|Tag(s):||African-Americans, Crime/Violence, Health/Death, Race-Relations|
|Course:||“Rise And Fall of the Slave South,” University of Virginia|
The South was a region characterized by extreme violence following the civil war, much of which resulted from racial tensions. The flagrant racism found throughout the south explains why the majority of murders were committed by white men against black victims. However, many killings of blacks remained unreported as they often went unpunished. All murder cases in which the victim was white were reported and the black murderer was more often than not put to death. In 1885 a publisher estimated over two hundred and twenty three murders occurred each year in Kentucky. Violence towards blacks in the south was commonplace.
Violence continued in Kentucky following the post-war periods. Formal organizations, such as the Ku Klux Klan initiated acts of violence in the years following the Civil War. However, by 1890 Kentucky had become increasingly lawless and lesser organizations connected to the Ku Klux Klan carried out frequent acts of violence throughout Kentucky. These groups were known as Regulators'. They committed lawless acts under the justification that they were in fact doing their part for the preservation of justice in the white south.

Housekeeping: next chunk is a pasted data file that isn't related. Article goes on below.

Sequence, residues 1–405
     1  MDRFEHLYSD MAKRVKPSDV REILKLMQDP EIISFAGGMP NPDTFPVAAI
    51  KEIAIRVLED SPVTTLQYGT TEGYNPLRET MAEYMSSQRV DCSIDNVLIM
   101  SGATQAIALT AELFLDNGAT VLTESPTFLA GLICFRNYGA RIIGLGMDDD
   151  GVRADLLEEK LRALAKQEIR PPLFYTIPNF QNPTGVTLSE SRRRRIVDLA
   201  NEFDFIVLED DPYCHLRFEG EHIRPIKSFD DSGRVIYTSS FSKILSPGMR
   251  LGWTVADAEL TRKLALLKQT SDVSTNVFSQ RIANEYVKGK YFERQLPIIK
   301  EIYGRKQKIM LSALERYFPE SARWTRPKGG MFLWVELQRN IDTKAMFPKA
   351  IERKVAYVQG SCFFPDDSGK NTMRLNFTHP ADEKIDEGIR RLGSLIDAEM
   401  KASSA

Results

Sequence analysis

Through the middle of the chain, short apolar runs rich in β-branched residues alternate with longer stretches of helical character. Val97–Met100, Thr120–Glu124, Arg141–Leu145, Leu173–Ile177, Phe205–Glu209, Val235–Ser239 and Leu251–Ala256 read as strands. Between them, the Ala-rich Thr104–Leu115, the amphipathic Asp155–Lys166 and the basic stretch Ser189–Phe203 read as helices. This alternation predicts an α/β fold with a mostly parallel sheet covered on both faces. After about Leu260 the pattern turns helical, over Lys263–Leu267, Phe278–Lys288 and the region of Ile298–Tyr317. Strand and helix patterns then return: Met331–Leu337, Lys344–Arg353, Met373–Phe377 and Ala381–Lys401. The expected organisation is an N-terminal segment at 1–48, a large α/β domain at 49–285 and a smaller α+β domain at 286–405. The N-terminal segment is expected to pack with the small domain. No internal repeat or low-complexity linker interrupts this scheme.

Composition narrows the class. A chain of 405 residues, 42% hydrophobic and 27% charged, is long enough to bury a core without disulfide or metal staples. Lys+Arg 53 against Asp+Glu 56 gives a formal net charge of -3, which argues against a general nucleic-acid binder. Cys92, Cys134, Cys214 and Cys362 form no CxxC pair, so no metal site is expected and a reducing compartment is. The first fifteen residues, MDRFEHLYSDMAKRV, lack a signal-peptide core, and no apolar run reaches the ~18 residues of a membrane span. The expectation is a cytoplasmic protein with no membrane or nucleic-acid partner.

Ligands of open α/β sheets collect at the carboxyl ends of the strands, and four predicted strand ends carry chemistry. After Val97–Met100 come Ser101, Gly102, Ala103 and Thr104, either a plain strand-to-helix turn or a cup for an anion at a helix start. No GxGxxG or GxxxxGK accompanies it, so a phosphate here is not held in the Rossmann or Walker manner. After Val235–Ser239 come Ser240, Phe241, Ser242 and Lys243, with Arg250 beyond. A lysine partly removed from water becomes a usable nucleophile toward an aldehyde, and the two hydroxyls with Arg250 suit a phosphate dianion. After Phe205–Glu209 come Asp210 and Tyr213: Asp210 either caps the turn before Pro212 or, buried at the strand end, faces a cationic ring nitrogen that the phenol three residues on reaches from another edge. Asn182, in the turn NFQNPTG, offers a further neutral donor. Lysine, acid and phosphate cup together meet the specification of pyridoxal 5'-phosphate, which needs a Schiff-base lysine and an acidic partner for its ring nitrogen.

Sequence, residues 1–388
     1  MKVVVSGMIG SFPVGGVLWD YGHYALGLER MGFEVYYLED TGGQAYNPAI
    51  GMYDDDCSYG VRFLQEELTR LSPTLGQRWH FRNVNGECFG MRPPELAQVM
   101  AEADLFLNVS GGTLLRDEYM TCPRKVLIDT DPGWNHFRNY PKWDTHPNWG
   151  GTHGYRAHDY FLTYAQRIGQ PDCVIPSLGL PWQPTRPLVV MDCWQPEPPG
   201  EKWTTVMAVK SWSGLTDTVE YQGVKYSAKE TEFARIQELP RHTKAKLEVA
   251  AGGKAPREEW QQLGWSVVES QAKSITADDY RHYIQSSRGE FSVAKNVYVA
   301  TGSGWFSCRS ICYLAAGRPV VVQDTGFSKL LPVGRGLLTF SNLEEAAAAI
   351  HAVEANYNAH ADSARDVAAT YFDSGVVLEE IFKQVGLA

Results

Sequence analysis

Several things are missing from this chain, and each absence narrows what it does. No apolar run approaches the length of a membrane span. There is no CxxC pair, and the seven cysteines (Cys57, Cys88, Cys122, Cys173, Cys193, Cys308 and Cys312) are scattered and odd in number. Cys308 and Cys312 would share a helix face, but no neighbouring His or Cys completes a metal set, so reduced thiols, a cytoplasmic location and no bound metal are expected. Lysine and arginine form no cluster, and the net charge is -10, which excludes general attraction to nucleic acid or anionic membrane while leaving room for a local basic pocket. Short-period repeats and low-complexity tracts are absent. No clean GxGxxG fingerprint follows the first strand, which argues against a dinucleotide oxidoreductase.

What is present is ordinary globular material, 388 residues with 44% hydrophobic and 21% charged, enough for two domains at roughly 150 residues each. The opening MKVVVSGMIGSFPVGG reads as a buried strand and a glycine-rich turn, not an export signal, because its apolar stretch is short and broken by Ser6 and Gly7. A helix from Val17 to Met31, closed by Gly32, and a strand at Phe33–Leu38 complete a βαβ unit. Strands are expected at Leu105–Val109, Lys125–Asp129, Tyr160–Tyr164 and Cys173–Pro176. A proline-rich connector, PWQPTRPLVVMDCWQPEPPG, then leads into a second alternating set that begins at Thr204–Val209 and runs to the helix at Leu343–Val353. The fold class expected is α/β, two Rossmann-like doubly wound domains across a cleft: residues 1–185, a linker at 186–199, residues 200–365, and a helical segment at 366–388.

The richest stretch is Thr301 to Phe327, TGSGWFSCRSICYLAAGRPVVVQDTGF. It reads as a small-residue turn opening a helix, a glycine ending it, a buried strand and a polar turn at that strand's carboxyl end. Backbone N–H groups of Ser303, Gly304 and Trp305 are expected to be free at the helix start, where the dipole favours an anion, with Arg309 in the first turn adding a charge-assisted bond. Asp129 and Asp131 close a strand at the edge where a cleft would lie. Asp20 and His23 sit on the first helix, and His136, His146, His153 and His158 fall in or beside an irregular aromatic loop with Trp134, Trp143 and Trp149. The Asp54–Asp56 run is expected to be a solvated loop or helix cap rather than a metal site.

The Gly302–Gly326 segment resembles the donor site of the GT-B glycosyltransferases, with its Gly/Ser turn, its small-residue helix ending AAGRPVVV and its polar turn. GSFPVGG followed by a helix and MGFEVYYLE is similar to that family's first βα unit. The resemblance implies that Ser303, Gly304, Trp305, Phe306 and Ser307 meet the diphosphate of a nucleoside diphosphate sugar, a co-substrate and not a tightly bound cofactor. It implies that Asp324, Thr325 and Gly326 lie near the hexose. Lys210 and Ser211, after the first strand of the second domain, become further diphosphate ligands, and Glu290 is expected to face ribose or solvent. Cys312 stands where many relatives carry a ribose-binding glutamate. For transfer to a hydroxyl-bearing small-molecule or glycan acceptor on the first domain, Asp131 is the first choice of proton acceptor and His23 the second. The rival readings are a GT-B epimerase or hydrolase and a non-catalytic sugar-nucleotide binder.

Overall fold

In October, 1899 a civilian mob attacked the jail and demanded prisoner Richard Coleman. Coleman, a cook for the Lashbrook's, confessed to the murder of Mrs. Lashbrook, whose father in law had represented Mason county in the third Constitutional Convention in 1850. Her body was found on October 5, 1899 in a cabin on her husband's farm six miles outside of Mayesville. On October 6, 1899 hundreds of people called for the hanging of Coleman and unsuccessfully attacked the jail at 2:00 a.m. The following day, Mrs. Lashbrook's funeral was held and Coleman was sent to Covington for safety reasons. Once the mob seized Richard Coleman, they burned him alive in front of hundreds of onlookers and publicly mutilated his corpse. The African American Richard Coleman was an accused murderer. No punishment was imposed upon those who partook despite the fact that their identities were known.